Maybe I don’t know what my dreams are because I don’t know who I am. Maybe I don’t know who I am because instead of figuring that out, I focused all of my goals on what I felt I was “supposed” to do and be. And you know what? Way to go, me, because I accomplished those goals. 

Of course, as soon as I had done all that, I felt stuck. Stuck and sad and frustrated and resentful and guilty, guilty, guilty for feeling any of it. 

Now, I suppose I’m having trouble moving forward, because that means taking this fantastic self I created—-this devoted, churchgoing mother of young children, this dedicated, ingenious educator, this upstanding, compassionate conservative woman in jeans and a Miraculous Medal— I have to take her to and fold her up and put her away like an outfit that no longer fits. It’s done. She’s done. She served me well and she’s done. 

But who am I, once I put her away? What do I do? Do I just stand here…naked? 

Yesterday I went for my annual gynecological exam. There was a long wait before the doctor met me in the exam room, and instead of dinking around on my phone like usual, I just sat. 

I sat in that space and listened to the muffled sounds from the nearby rooms and remembered all the times I had been in this same office for sonograms, glucose tests, fetal monitoring. Being in the room, it was easy to recall the sensation of the tape measure from pelvis to belly button, the whoosh-whoosh-whoosh of the fetal heartbeat, the slick pressure of the sonogram wand against my bulging belly. I recalled all that, and I cried. 

I cried for the body I had then, the body that gave life. I cried for the security of never being alone, and the relief of always being in second place. I cried for the comfort of knowing exactly what you were meant to be doing every minute, the freedom of knowing that I didn’t have to worry about who I was, because I was Mother. I was the highest incarnation of what I was meant to be. The Church said so, and #momsofinstagram agreed, so who was I to argue?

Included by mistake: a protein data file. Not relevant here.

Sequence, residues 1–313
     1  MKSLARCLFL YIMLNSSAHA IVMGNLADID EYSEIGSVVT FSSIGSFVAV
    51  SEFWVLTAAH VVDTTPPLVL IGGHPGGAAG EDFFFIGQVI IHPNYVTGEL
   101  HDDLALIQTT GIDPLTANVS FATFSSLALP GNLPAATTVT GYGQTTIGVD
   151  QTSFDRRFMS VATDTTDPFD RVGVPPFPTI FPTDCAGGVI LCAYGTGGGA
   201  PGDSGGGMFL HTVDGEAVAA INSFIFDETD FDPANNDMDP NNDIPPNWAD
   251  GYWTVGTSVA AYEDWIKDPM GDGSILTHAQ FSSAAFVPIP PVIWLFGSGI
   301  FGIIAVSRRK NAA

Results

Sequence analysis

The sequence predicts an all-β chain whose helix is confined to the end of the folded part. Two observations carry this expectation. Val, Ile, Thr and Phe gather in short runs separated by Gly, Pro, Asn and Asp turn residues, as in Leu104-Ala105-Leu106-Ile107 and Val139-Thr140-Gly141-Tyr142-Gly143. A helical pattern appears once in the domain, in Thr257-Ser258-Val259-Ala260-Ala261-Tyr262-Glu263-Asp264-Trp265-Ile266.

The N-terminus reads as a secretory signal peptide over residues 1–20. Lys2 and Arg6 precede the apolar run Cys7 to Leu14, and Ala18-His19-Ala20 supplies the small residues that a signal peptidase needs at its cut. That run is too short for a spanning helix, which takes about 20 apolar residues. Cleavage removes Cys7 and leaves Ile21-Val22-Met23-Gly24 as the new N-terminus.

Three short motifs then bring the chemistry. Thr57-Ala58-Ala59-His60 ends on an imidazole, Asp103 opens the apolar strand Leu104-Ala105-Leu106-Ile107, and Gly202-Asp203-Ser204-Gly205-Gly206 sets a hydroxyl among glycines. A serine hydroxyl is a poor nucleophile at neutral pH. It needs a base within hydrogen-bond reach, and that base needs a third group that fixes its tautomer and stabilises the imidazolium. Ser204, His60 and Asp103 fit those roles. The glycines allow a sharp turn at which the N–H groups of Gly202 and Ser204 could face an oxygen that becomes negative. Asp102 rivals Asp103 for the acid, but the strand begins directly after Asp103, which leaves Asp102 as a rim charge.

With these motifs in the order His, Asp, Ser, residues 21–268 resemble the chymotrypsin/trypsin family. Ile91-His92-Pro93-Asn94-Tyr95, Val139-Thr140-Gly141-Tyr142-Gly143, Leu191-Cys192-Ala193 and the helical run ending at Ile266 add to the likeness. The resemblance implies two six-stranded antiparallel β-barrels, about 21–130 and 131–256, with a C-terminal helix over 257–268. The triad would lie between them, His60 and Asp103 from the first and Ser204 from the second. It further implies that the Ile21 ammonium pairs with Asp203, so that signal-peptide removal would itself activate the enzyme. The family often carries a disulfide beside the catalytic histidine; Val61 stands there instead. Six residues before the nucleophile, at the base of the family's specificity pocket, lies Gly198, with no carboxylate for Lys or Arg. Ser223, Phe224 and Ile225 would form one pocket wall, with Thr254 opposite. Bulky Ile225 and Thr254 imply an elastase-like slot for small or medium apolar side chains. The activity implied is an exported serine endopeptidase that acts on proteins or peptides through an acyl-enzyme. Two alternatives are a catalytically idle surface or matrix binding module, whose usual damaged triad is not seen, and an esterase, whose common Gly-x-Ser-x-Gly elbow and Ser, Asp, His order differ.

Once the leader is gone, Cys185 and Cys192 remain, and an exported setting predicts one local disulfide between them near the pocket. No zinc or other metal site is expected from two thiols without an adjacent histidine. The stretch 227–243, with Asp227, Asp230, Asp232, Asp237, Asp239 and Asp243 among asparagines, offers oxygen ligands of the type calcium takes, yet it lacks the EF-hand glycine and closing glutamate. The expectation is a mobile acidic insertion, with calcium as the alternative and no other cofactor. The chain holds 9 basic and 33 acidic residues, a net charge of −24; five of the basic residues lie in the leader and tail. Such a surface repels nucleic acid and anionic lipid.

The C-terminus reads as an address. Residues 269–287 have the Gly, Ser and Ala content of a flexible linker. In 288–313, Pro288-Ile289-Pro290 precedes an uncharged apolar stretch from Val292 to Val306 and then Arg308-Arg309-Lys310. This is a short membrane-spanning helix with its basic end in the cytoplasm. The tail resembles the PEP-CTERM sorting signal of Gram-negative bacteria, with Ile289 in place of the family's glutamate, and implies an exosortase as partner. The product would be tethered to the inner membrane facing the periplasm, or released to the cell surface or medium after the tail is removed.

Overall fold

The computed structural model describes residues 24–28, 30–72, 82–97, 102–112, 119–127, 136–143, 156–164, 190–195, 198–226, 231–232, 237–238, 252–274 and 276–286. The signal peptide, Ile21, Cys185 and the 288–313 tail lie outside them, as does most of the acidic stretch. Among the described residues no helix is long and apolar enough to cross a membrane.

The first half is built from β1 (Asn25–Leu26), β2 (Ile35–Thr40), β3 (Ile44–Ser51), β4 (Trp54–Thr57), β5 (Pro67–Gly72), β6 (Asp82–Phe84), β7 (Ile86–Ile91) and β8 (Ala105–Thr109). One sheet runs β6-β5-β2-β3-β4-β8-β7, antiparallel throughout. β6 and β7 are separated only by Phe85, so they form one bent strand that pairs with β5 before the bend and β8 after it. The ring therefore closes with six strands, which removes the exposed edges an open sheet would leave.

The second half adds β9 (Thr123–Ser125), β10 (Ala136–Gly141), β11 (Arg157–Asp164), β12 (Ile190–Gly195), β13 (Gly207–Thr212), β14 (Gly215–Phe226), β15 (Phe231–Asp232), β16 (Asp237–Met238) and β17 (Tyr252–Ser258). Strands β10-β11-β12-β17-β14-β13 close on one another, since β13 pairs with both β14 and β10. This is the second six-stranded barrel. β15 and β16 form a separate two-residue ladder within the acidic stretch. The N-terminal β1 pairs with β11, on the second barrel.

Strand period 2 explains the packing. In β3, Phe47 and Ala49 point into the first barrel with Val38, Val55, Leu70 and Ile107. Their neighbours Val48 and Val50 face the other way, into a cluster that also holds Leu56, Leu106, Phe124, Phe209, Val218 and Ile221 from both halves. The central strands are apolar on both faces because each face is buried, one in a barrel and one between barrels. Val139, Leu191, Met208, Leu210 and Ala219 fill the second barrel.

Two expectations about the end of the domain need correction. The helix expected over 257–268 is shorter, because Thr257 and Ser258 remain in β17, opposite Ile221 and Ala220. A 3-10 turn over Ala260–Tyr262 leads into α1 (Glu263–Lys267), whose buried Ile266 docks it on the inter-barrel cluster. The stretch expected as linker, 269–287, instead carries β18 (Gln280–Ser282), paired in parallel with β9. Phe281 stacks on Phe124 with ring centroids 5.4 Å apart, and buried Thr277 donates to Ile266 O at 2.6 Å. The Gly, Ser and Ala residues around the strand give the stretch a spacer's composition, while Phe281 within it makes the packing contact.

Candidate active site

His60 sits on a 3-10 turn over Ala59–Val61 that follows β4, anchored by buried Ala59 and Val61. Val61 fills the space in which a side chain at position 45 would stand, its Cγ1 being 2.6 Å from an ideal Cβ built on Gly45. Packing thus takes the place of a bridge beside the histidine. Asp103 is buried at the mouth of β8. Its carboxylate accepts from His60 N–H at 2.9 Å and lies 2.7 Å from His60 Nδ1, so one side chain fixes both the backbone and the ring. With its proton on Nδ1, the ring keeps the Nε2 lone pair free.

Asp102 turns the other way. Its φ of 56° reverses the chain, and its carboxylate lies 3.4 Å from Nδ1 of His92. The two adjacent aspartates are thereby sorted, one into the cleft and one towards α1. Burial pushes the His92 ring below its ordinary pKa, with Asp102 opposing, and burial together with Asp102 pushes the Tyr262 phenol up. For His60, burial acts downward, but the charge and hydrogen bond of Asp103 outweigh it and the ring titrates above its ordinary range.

And now? I’m not that. I never will be again. Tip your bottles and pour one out. That sign on the door that says “Women’s Health and Menopause Clinic?” For me, it’s just “Menopause Clinic.” Don’t mind me, mamas, I’m just here to monitor the slow death of my reproductive system. 

As I sat there feeling mournful, from the room next to me I heard the whooping laughter of an older woman. Her voice was raised in incredulity, and I could hear her words through the wall…

“Now where am I going to find an old man who would want to…?” 

I could easily imagine what the doctor had asked her, particularly when I heard my gynecologist respond defensively, “Well, you never know!”  

The woman laughs heartily again, but I think I hear an edge to her voice. Maybe the doctor doesn’t know, but she does. 

As I write out the memory now, it occurs to me that, in one important way, I am not the same as that woman next door. I don’t know. 

True, I’m not sure exactly what my body is supposed to be for right now, but I can choose to assume there is a capital-R Reason I’m still alive. Unlike most of my foremothers, I didn’t die from a postpartum infection! I’ve been given the gift of another whole lifetime, one that might be as momentous and remarkable as the last forty. You never know. This body still has life to give, even if the gift is to me alone. 

So what now?

Strip it down. Write it out. Live it large. That’s the dream. 

The dream is my authentic self, uncovered.

Whoever she is going to be. 

Theresa Weiler is a writer, singer, speaker, seeker, living in suburban Detroit with her husband and four children. If you would like to buy Theresa a coffee, Venmo @realtheresaweiler, or you can follow her on Twitter @SometimesReese.